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Nutrition Articles

10 Easy Ways to Lighten Up Any Recipe

Boost Nutrition and Cut Calories in the Kitchen

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Choosing healthy foods is an important part of eating right, but cooking them in a healthful way is another huge part. For example, zucchini can take on two completely different forms when it's quickly sautéed in olive oil versus battered and deep fried. What we add to foods makes all the difference when it comes to home cooking.

The first step to healthier cooking is to take recipes as suggestions. Before you start chopping and mixing, scan the recipe to see if there are any unnecessary calories. Look for excess cheese, butter and oils, as well as sugars.

Here are some tasty, healthy ideas to help you become a professional recipe overhauler!
  1. Sauté—the skinny way! A couple of tablespoons of  low-sodium vegetable broth can be used instead of oil or butter in your stir fry or as the basis for a sauce. This method will add a nice flavor to your dish as well as a little moisture—and you'll save calories to use elsewhere. To get a dose of unsaturated fats, serve your broth-sautéed veggies with a side salad, and pour an olive oil-based dressing over the top.
     
  2. Say no to skin. Three ounces of chicken breast meat with skin has almost 150 calories; three ounces of chicken without the skin has 50 fewer calories. Tasty as it might be, the skin contains mostly heart-unhealthy saturated fat. You can cook with the skin on to retain moisture  (add fresh herbs or citrus zest underneath it to really bake in some flavor), but be sure to remove the skin before you enjoy your meal to save on calories and saturated fat.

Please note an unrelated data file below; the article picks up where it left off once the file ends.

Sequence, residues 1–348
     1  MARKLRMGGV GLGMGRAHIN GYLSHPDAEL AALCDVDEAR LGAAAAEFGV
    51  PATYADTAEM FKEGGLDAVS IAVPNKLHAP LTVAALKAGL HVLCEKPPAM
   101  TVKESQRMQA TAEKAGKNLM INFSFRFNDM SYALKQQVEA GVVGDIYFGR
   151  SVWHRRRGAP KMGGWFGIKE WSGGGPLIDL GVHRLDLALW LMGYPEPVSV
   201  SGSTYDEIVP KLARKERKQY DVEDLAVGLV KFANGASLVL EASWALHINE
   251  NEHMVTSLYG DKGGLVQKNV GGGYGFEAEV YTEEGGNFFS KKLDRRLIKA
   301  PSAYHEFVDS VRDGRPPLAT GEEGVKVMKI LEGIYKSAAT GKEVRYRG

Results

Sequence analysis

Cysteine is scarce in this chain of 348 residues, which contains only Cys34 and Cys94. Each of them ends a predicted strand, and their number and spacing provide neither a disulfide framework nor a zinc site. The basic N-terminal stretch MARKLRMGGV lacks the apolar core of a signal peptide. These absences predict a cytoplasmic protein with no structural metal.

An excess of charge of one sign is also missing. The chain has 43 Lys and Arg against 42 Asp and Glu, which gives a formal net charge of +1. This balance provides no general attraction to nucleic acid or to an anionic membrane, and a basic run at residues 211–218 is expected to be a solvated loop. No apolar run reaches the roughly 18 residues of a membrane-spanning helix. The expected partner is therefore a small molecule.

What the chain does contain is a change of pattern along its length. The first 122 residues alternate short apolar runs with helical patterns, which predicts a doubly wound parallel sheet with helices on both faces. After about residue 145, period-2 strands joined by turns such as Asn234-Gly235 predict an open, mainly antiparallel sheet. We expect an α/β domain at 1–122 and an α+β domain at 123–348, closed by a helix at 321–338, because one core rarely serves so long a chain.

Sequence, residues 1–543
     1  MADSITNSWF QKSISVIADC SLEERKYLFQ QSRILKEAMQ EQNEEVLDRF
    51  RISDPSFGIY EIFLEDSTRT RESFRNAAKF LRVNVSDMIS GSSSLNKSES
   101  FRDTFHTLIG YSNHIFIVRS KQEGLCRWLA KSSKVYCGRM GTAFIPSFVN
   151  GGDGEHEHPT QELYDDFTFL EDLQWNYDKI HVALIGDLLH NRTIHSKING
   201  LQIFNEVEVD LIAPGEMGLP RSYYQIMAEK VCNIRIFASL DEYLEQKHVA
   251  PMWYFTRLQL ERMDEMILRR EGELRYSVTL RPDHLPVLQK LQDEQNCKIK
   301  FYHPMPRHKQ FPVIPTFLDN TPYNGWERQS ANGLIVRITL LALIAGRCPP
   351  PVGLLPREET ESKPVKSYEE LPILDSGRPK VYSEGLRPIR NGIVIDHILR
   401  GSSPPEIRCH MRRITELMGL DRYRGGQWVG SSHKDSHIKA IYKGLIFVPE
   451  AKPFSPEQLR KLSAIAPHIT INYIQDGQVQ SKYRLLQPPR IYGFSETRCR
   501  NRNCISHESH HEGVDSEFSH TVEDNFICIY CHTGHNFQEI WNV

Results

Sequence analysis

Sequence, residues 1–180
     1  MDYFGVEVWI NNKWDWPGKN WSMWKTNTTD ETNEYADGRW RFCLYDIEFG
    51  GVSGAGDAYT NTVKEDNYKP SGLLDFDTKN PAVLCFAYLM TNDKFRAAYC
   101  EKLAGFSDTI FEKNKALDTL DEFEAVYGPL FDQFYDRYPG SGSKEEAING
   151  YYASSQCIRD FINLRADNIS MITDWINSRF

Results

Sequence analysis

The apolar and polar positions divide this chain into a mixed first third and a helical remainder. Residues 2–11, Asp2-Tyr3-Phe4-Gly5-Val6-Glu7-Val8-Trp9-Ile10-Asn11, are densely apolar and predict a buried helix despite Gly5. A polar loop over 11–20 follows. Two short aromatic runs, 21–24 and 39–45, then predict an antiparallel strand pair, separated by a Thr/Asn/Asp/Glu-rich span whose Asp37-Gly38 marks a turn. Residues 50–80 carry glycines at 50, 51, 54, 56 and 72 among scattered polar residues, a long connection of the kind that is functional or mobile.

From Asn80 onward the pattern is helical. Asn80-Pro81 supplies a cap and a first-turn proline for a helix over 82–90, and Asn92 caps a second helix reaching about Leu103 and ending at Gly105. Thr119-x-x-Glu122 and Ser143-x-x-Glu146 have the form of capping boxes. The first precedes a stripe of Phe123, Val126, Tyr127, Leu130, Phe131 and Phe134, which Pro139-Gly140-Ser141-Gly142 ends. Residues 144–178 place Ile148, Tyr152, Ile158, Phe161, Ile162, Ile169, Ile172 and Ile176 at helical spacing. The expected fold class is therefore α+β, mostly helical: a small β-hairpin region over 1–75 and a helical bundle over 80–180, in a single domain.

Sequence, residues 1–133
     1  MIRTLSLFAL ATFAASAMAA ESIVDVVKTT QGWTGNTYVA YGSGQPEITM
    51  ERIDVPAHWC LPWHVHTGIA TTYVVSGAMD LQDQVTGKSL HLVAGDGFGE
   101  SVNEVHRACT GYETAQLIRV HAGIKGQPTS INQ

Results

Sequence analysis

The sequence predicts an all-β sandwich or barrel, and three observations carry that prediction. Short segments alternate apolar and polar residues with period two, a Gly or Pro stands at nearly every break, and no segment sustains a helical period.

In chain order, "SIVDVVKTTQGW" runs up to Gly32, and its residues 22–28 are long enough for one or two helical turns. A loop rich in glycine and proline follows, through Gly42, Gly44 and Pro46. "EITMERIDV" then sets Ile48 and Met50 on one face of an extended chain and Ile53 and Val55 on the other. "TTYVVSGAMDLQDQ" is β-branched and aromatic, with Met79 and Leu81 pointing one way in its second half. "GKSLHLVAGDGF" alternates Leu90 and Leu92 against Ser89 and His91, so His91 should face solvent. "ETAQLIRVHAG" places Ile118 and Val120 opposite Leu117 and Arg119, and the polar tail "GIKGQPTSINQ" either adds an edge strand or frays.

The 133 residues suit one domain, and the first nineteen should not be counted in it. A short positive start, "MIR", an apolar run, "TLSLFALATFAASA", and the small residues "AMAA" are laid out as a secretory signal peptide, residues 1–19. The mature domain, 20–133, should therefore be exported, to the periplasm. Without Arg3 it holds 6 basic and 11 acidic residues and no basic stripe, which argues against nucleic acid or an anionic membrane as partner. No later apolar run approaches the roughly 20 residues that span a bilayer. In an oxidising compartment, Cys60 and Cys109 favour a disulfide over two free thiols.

3. Squeeze on the citrus. To add a powerful flavor punch with minimal added calories, use citrus on steamed veggies instead of butter or over a salad instead of a dressing. It’s even great on fruit salad in place of sugar and adds some zip when squeezed onto a pasta salad. Don’t forget to use the flavorful zest of citrus fruits as well! Wash a lemon, orange or lime, then use a zester or grater to add the zest to dishes such as baked seafood.
     
  4. Be choosy about cheese. When using a mildly flavored cheese, such as Monterey Jack, you need more cheese to taste it. But when you choose a cheese with intense flavor, you can use less and still get the desired effect. Try a reduced-sodium feta, sharp Cheddar or aged Parmesan next time. Light cheese wedges such as The Laughing Cow brand are useful when you're watching fat and calories, too. Try mixing one of these soft cheeses into your scrambled eggs or noodle dishes instead of loading on the shredded mozzarella.